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A third of 51- to 60-year-olds have no pension plans

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More than a third (36%) of 51- to 60-year-olds have no pension plans whatsoever, according to the Chartered Institute of Payroll Professionals’ (CIPP) annual survey.

The survey also found that 66% of 20- to 24-year-olds had no pension plans. Almost a quarter (24%) of all respondents said they thought they were ‘too young’ to be thinking about a pension.

Worryingly 30% of all respondents said that they were not sure that their pension pot would be enough to live on once they reach retirement age.

CIPD CEO Lindsay Melvin described the findings as “disturbing”.

He said: “In these uncertain economic times we would hope most people are thinking about their future, but these results show more than a third of those towards the end of their working lives are not planning financially for their retirement, and some are not even sure they will have enough to live on."

Melvin added: “It is clear the nation has a long way to go, but we must also consider the vital role employers play. By educating and offering solutions – such as saving through credit unions and paying into a pension via your payroll – businesses can help their workforce become more financially savvy.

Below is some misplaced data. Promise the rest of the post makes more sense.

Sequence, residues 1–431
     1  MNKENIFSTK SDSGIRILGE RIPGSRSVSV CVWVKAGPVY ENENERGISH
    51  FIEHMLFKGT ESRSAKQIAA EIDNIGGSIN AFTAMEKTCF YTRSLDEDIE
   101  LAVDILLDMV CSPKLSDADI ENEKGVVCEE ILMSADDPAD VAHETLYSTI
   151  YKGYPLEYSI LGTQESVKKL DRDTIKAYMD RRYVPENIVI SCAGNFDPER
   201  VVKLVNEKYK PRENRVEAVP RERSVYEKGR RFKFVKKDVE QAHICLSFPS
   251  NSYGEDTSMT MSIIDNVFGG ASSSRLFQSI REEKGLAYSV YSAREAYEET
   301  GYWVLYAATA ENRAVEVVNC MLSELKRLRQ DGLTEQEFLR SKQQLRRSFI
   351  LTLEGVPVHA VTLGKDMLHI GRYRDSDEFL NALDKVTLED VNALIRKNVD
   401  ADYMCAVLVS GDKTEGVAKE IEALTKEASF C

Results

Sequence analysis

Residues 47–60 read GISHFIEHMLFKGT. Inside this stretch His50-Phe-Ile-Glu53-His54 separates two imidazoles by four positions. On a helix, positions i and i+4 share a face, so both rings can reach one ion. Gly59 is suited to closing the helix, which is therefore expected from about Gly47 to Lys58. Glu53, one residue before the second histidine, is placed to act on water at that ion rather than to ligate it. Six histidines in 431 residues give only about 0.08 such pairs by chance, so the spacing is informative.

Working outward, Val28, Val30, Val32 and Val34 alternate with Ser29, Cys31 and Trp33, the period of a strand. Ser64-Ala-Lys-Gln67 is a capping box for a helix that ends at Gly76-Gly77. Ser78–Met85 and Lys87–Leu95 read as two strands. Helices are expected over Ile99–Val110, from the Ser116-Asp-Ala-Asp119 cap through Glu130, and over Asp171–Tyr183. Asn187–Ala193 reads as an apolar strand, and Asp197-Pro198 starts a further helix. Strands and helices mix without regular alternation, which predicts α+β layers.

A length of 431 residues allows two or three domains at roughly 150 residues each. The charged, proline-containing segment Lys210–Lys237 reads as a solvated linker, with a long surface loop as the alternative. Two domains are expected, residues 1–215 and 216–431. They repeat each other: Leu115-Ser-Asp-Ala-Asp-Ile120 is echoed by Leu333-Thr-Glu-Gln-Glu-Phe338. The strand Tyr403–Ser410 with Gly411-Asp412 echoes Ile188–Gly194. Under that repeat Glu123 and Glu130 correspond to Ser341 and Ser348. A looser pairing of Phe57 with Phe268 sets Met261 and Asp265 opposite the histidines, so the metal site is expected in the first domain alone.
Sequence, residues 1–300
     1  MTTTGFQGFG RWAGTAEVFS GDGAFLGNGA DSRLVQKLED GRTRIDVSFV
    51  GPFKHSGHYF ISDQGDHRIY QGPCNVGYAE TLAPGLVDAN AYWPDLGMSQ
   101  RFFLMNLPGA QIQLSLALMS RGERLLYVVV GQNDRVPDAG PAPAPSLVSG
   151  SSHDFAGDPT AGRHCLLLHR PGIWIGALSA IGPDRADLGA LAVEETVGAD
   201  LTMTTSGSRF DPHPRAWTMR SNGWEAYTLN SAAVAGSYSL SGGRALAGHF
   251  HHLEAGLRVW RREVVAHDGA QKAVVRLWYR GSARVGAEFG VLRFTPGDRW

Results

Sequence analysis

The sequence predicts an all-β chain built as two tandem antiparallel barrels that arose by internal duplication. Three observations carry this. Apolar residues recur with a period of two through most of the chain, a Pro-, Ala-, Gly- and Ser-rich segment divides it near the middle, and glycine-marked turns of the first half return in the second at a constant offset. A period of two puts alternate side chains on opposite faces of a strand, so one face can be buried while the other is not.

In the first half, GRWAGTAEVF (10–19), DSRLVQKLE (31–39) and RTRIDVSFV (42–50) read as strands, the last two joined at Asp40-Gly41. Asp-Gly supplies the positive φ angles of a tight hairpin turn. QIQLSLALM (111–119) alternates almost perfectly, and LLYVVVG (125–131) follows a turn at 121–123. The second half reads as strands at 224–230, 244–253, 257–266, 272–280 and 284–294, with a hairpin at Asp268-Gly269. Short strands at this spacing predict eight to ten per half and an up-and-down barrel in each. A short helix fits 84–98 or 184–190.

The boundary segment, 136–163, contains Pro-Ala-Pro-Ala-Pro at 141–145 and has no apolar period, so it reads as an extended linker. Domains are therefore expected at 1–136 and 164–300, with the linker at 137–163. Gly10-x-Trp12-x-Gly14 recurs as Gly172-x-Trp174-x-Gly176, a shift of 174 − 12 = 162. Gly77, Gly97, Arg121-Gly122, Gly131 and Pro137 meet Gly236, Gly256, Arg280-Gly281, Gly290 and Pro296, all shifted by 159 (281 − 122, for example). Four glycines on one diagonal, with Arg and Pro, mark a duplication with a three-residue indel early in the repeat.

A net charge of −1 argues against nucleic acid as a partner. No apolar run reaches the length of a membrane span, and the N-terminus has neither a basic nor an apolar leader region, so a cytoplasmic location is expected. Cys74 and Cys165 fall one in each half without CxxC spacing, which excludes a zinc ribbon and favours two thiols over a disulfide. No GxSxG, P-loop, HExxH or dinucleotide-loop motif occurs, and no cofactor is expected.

“These problems will not disappear overnight, but if boardrooms take notice of this warning we can all help tackle this ‘sleeping giant’ of a problem.”

The CIPP research coincides with a report from the National Association of Pension Funds (NAPF), which found that 61% of savers over-55 were concerned people might make bad financial decisions and run out of money in retirement as a result of new pensions freedoms.

Despite this, the Understanding Retirement Wave 2: Interim Report found that reactions to the new rules had been mostly positive, with 81% of those aged 55 to 70 seeing pensions freedoms as a great or good idea, and just 11% considering them not such a good, or a bad idea.

NAPF chief executive Joanne Segars said that pensions freedoms have not met the expectations of savers so far. “Consumer expectations in the lead up to the introduction of the reforms were high,” she said. “Savers were enthused by the prospect of accessing their pension ‘like a bank account’, and the press was filled with proclamations of a new dawn for retirement saving."

She added: “Now, four months into the new flexibilities, the story appears to have been less ‘freedom and choice’ and more ‘frustration and captivity’, with media headlines suggesting that savers have struggled to access the freedoms promised.

"We believe that understanding consumer demand and identifying the barriers facing schemes is the key to breaking the pension freedoms deadlock."